Resources for Communication
Articles, Reports, and Other Resources
Confrontation is most often necessitated when the behavior of one person negatively impacts the feelings/attitudes of another. The pain caused by the initial behavior creates a barrier in a relationship if it is not shared openly. Stored pain eventually explodes and ultimately can destroy a relationship.
Caring confrontations are usually well thought out and are best structured in the following manner:
"I am having a problem and I want to share it with you."
"I value our relationship; and I know keeping this problem to myself might damage our relationship."
- Agreement to Discuss:
"Can I share my problem with you now, or at a time that's better for you?'"
- Behavior Description: (Do not make inferences about the other person's motives, attitudes or character. Be specific and objective.)
"When you make plans with me and then cancel at the last minute......"
- Disclosure of Feelings: (Use 'I' statements and share your feeling(s).)
"I feel hurt and angry..."
- Describe Effect:
"Because it is often too late for me to make plans with others."
- Active Listen for the Response: (Wait for a response and demonstrate your love for the other person by using your Active/Reflective Listening Skill.)
Avoid Certain Pitfalls
The following practices prevent meaningful communication from continuing.
- Command (give orders, issue directives)
- Warn (threaten, admonish)
- Give advice
- Teach (give lectures and arguments)
- Judge (criticize, blame, disagree)
- Praise (offer premature, positive judgment)
- Analyze (diagnose, interpret)
- Console (reassure, sympathize, talk them out of it)
The word confrontation stirs up negative thoughts and feelings for most of us. This is primarily true because so many confrontations have been fueled by destructive, suspicious and hateful motives. Where this occurs there are injuries and broken relationships. Confrontations attempted when feelings are intense are invariably destructive efforts.
Rules For Communication
- Remember that actions speak louder than words; non-verbal communication is more powerful than verbal communication.
- Define what is important and stress it. Define what is unimportant and ignore it.
- Make your communication as realistically positive as possible.
- Be clear and specific in your communication.
- Be realistic and reasonable in your statements.
- Test all your assumptions verbally. Get your partner's OK before you act.
- Recognize that each event can be seen from different points of view.
- Recognize that your family members are experts on you and your behavior.
- Do not allow discussions to turn into destructive arguments.
- Be open and honest about your feelings. Bring up all significant problems, even if you are afraid that doing so will disturb your partner.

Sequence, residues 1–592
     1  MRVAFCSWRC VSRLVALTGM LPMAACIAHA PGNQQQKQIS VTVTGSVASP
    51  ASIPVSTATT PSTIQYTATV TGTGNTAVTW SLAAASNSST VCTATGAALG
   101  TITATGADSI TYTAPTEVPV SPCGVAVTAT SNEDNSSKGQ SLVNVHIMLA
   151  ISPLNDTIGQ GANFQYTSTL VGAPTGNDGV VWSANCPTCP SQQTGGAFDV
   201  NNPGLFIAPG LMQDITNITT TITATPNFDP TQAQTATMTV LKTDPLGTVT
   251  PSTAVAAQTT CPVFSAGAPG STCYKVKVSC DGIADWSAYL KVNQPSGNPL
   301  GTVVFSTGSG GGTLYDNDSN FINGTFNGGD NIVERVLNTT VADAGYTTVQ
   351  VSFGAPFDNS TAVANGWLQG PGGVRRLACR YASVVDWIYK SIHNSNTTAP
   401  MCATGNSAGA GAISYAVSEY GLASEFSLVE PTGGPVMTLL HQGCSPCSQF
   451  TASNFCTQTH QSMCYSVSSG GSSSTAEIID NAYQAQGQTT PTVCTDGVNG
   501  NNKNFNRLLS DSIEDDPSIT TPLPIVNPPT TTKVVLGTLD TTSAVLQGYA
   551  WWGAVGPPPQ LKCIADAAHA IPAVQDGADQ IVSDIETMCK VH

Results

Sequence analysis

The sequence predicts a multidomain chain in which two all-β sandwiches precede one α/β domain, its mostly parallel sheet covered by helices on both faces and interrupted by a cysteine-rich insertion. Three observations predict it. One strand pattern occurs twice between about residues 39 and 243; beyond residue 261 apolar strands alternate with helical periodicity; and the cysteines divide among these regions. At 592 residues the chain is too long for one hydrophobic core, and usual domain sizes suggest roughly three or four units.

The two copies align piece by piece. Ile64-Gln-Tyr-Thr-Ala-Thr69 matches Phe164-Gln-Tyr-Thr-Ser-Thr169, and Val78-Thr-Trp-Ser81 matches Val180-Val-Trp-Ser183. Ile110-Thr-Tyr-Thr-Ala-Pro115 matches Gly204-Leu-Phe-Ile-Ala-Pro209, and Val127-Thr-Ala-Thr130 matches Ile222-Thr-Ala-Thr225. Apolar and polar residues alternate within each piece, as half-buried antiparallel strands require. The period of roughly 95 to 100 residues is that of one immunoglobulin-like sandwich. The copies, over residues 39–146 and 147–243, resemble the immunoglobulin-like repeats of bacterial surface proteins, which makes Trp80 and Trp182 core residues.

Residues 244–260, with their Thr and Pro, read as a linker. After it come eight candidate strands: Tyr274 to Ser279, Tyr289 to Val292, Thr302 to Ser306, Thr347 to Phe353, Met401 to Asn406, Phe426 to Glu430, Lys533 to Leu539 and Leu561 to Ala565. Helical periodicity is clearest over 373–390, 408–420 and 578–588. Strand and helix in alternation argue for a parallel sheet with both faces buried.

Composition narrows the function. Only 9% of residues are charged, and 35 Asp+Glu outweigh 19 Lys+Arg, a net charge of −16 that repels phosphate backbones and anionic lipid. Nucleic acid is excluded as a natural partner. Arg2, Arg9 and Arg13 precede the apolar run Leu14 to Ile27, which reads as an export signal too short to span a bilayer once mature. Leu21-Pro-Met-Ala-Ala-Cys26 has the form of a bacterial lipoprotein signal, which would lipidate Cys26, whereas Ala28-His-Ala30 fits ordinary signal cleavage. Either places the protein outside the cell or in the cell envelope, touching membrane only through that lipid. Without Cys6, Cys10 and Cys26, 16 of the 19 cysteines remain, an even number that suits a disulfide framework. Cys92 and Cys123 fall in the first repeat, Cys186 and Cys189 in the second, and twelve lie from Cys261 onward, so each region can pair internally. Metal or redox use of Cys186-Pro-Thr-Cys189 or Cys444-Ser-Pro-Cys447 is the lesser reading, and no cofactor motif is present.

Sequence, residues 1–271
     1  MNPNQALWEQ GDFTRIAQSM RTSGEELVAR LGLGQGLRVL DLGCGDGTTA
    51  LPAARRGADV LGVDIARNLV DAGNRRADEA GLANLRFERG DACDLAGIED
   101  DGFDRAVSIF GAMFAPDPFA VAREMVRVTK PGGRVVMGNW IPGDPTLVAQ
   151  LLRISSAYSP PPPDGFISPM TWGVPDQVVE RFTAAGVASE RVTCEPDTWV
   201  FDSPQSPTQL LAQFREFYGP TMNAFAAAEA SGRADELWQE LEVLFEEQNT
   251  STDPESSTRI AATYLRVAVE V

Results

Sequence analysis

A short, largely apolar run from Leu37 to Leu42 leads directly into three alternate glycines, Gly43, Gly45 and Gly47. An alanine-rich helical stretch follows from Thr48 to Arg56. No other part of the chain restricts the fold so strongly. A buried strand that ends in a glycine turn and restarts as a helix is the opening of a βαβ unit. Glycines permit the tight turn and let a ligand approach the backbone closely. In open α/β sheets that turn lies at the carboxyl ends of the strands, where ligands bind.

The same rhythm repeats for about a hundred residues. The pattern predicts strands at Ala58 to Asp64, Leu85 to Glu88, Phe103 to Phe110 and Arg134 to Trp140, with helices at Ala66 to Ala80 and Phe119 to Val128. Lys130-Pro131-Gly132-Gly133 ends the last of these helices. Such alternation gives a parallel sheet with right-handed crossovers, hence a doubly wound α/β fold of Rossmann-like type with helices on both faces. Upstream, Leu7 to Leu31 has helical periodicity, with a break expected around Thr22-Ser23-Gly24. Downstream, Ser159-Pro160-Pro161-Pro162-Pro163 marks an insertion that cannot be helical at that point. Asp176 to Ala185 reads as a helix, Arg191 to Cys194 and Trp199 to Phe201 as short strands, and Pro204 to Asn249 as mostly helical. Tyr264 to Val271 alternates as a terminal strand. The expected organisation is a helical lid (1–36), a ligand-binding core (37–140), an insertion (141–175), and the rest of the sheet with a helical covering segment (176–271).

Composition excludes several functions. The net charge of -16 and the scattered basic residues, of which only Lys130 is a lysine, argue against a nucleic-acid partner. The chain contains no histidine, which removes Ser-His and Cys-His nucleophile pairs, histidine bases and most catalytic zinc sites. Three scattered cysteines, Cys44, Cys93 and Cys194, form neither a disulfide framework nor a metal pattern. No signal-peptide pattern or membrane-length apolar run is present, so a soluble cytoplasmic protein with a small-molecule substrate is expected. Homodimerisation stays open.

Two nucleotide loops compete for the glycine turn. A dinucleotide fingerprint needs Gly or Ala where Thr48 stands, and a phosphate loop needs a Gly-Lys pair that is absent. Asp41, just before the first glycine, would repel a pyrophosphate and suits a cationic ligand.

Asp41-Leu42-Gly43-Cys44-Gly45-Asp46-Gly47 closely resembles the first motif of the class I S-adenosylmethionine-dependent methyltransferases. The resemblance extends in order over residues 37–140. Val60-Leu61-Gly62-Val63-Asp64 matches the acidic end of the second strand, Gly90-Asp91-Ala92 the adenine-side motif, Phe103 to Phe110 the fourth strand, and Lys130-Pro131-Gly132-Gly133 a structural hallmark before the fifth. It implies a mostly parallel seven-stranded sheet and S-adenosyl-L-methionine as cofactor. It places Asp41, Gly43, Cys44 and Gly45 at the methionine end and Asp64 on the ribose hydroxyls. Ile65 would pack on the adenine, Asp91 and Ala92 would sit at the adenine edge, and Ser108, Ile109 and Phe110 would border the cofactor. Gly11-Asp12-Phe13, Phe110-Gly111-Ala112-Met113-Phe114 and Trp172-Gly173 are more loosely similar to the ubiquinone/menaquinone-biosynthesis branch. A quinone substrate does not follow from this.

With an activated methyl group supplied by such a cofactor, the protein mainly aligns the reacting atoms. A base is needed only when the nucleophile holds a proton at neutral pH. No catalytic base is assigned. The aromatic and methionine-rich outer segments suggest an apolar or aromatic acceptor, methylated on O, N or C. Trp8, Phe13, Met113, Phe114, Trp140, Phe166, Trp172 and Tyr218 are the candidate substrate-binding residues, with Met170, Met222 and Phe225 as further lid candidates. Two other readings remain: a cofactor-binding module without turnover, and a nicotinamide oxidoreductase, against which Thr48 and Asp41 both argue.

- Do not use unfair techniques: do not engage in 'dirty fighting.'
- Let the effect, not the intention, of your communication be your guide.
- Accept all feelings and try to understand them: do not accept all actions, but try to understand them.
- Be tactful, considerate and courteous: show respect for your partner and his/her feelings.
- Do not preach or lecture; ask questions instead.
- Do not use excuses and do not fall for excuses.
- Do not nag, yell or whine.
- Learn when to use humor and when to be serious. Do not subject your partner to destructive teasing.
- Learn to listen with heart and mind.
- Beware of playing destructive games
Unfair Communication Tactics
- Pretending that the other person has made an unreasonable statement or demand.
- Mind-reading, using psychology, jumping to conclusions. Pretending that one single motive constitutes complete motivation. Divination.
- Bringing up more than one accusation at a time. (Trying to overwhelm the person with numerous accusations.)
- Using logic to hide from emotional reality.
- Intimidating, threatening, yelling, screaming or exploding in anger.
- Blaming the partner for something that he/she cannot help or cannot do anything about now.
- Blaming the other person for something you do yourself.
- Refusing to forgive.
- Humiliating the partner. Using insults and epithets. Unfavorable comparisons. Rubbing it in. Exposing sensitive information about the other person to others.
- Constantly badgering the other person in order to evolve a negative reaction.
- Expressing hurt feelings without adequate reason.
- The use of sarcasm and ridicule.
- Silence, ignoring, sulking, pouting.
Healing the Scars of Emotional Abuse
In this helpful guide, Christian therapist Gregory Jantz examines why emotional abuse is so common and damaging. He reveals how those who have been abused by a spouse, parent, employer, or minister can overcome the past and rebuild their self-image. Also good for those who have been emotionally abusive. There is hope! Click Here to read more.
The people at the clinic are great. I was afraid at first, but now I look forward to seeing the smiling faces at The Center. Thank you all!read more
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